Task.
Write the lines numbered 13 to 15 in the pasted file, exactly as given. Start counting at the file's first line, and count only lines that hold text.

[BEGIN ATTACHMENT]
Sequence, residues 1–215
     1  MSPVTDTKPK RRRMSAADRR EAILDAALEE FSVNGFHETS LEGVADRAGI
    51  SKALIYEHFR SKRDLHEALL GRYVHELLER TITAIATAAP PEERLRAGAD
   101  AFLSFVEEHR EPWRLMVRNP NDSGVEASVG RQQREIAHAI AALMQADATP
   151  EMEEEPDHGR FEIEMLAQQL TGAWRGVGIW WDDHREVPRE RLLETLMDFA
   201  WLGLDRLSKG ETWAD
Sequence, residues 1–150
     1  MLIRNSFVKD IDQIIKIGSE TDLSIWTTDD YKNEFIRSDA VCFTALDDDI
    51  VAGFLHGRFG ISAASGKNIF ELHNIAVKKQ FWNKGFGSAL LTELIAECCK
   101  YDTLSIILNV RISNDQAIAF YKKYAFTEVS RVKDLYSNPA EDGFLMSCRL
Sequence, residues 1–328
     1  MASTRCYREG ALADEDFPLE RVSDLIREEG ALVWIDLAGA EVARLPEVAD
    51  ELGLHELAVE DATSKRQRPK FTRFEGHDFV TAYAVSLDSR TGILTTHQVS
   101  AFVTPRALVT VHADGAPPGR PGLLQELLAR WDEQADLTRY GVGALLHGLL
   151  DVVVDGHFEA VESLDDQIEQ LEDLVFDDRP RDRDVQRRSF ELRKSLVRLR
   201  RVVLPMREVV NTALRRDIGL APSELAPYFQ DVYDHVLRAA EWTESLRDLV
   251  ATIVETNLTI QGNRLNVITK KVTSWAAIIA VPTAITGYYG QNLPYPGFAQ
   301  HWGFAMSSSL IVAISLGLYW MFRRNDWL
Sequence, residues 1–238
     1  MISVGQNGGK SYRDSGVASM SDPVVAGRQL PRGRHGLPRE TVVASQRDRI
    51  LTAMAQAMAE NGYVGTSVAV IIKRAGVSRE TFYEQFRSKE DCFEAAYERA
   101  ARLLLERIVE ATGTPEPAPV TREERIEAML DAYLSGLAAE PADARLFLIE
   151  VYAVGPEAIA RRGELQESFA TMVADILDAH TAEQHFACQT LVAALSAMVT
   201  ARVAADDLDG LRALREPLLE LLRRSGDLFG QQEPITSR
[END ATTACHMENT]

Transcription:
    51  ELGLHELAVE DATSKRQRPK FTRFEGHDFV TAYAVSLDSR TGILTTHQVS
   101  AFVTPRALVT VHADGAPPGR PGLLQELLAR WDEQADLTRY GVGALLHGLL
   151  DVVVDGHFEA VESLDDQIEQ LEDLVFDDRP RDRDVQRRSF ELRKSLVRLR